How Exercise Has Helped Me Through Health Challenges and Heartbreak
Dealing with chronic illness is no party. Neither are autoimmune issues, mainly because there’s a whole lot of gray and symptoms severe enough to impact your life, but not quite severe enough to be easily identifiable, prevented or treated. I, for example, have had a stomachache since last September. How I wish I were hyperbolizing for dramatic effect.
I’ve had an IBS (irritable bowel syndrome) diagnosis nearly since birth – spent weeks in the hospital when I was 1 or 2 because my stomach was so inflamed that I could literally eat nothing and was dehydrated from constant diarrhea (glamorous, I know). Anyway, last September, the IBS flared up and never quite settled down, despite increasing, self-imposed diet restrictions (no gluten, no dairy, no anything that made my stomach unhappy) and an absolutely clear bill of health from the GI following an upper- and lower-GI. It has been beyond frustrating, embarrassing and exhausting, but I am grateful to say that I managed to find a PCP who is willing to try different things that might help. It’s early days on a new med – and it will have its own challenges – but so far? I’m almost afraid to jinx it by saying this, but things seem to be less inflamed and calming down. Fingers crossed.
Between the GI issues and my fibro, the last several months have been some of the most challenging in my chronic illness journey. But I have found rest and relief in the most counterintuitive of places: exercise. I know, cue the sighs and eye-rolling. But hear me out.
I know very well how tempting it can be to tout a new supplement, med, diet, lifestyle or whatever as “The Answer.” This isn’t wise for a few reasons:
- Everyone’s journey (both in life and chronic illness, if it affects them) is different. And what works for me may not work for you. Doesn’t make it any less valid for me or any more effective for you – we are just different people.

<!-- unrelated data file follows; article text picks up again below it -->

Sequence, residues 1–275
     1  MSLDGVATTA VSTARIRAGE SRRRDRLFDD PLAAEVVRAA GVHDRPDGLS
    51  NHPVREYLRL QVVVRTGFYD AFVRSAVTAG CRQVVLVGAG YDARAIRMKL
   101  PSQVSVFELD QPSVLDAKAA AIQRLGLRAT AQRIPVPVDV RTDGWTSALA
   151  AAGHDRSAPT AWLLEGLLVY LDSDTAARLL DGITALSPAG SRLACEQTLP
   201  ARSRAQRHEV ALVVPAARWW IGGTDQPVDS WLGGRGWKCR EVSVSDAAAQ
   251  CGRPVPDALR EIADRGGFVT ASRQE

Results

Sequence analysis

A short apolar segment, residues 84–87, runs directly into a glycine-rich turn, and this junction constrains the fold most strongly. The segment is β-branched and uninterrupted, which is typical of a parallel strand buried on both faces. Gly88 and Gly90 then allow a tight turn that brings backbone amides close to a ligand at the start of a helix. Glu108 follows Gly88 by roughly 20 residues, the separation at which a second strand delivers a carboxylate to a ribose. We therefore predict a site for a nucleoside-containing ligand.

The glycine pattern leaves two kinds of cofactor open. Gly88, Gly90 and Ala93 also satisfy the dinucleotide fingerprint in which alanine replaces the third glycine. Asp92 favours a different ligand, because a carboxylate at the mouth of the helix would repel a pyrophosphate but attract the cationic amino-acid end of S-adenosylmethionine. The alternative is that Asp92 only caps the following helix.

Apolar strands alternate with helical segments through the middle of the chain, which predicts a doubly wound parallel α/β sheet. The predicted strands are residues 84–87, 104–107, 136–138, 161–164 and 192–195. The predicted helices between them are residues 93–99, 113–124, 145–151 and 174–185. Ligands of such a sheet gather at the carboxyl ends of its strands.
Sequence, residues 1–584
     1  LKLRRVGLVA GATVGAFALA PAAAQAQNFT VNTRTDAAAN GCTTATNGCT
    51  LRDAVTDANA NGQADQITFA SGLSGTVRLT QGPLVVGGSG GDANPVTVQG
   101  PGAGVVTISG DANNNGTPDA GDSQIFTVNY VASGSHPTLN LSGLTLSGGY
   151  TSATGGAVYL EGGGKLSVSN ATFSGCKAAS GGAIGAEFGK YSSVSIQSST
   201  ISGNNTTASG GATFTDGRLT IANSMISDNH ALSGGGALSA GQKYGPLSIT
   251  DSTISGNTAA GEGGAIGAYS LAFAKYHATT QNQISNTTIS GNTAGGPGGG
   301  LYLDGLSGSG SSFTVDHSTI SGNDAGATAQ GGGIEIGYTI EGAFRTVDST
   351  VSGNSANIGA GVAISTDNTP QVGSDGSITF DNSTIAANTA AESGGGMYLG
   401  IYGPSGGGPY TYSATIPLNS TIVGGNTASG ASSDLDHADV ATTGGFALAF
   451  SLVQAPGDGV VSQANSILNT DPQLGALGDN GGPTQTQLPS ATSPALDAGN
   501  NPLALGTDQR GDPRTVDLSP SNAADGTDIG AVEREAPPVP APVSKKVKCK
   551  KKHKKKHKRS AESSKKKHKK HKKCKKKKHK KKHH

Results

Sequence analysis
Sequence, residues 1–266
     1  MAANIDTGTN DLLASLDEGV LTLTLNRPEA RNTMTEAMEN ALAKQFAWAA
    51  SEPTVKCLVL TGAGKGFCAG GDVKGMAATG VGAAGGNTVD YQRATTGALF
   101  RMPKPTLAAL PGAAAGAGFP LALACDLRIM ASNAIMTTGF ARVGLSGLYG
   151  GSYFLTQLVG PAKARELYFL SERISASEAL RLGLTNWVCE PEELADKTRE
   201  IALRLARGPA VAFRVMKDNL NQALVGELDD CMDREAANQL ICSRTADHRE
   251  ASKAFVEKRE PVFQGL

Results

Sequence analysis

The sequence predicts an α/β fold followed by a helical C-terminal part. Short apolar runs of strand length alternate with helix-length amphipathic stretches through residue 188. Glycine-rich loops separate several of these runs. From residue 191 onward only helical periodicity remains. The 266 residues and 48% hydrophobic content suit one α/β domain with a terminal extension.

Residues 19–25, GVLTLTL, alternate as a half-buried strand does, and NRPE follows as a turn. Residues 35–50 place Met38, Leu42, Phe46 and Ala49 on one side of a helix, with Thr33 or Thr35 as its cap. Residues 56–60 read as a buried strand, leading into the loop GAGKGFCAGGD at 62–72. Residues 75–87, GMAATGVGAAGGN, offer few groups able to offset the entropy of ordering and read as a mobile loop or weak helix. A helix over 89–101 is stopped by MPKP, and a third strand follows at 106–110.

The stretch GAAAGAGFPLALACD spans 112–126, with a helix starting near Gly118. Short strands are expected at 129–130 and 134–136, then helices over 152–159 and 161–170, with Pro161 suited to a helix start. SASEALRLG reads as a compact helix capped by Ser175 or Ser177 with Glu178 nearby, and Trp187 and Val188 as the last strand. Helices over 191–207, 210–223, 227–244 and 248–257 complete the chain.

- It can pretty easily come off as condescending or annoyingly trite to start doling out advice to people if/when you don’t understand their individual experience.
- Even if you do understand someone’s experience (or have your own), sometimes what people need isn’t guidance or advice. It’s empathy. Just having someone listen is often much more healing than people tend to realize.
So there’ll be none of that here. Just my own story:
I exercise. Regularly and intensely. It is hard. There are days that every fiber of my body and being scream, “Nooo – please! Don’t make me do this!” There are days when I am incredibly frustrated by my inability to improve or be consistent. Nearly every day, I curse chronic illness for usurping control of how I feel day to day and what I’ll be able to accomplish. But I do it. Usually four or five days a week, maybe more if I’m feeling particularly stressed. Sometimes it sucks. Sometimes I hate every minute and berate myself for making Me so miserable. It is a choice and a task. But I do it. Why? Because it is truly the only time that the rest of my world fades away, and I am wholly and entirely present in the moment. (Tongue firmly in cheek: I have to be – feels like I’m dying about 70-80 percent of the time!) Somehow, in the midst of my racing heartbeat and hyperventilating, there is peace. Nothing else matters, no anxieties overtake my mind, and I 100 percent forget any and everything else going on in my life.